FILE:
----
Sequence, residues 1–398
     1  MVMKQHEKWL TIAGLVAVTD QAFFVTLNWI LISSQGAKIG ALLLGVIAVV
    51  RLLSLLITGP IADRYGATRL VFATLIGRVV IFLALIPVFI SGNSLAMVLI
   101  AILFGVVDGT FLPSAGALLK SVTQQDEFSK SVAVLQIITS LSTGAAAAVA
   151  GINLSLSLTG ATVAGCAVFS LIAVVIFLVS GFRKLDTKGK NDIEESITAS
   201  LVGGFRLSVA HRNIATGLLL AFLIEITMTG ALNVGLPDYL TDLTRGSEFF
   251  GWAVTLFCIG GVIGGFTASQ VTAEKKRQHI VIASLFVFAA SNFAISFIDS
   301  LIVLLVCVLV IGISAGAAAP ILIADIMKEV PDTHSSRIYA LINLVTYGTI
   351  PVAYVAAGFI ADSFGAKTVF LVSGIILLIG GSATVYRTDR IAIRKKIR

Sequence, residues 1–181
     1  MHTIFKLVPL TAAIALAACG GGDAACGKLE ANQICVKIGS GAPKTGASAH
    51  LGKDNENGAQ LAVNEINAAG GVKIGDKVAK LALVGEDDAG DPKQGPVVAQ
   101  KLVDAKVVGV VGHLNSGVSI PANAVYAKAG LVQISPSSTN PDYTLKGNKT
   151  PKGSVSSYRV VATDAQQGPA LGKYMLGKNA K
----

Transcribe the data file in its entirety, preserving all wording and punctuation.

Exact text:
Sequence, residues 1–398
     1  MVMKQHEKWL TIAGLVAVTD QAFFVTLNWI LISSQGAKIG ALLLGVIAVV
    51  RLLSLLITGP IADRYGATRL VFATLIGRVV IFLALIPVFI SGNSLAMVLI
   101  AILFGVVDGT FLPSAGALLK SVTQQDEFSK SVAVLQIITS LSTGAAAAVA
   151  GINLSLSLTG ATVAGCAVFS LIAVVIFLVS GFRKLDTKGK NDIEESITAS
   201  LVGGFRLSVA HRNIATGLLL AFLIEITMTG ALNVGLPDYL TDLTRGSEFF
   251  GWAVTLFCIG GVIGGFTASQ VTAEKKRQHI VIASLFVFAA SNFAISFIDS
   301  LIVLLVCVLV IGISAGAAAP ILIADIMKEV PDTHSSRIYA LINLVTYGTI
   351  PVAYVAAGFI ADSFGAKTVF LVSGIILLIG GSATVYRTDR IAIRKKIR

Sequence, residues 1–181
     1  MHTIFKLVPL TAAIALAACG GGDAACGKLE ANQICVKIGS GAPKTGASAH
    51  LGKDNENGAQ LAVNEINAAG GVKIGDKVAK LALVGEDDAG DPKQGPVVAQ
   101  KLVDAKVVGV VGHLNSGVSI PANAVYAKAG LVQISPSSTN PDYTLKGNKT
   151  PKGSVSSYRV VATDAQQGPA LGKYMLGKNA K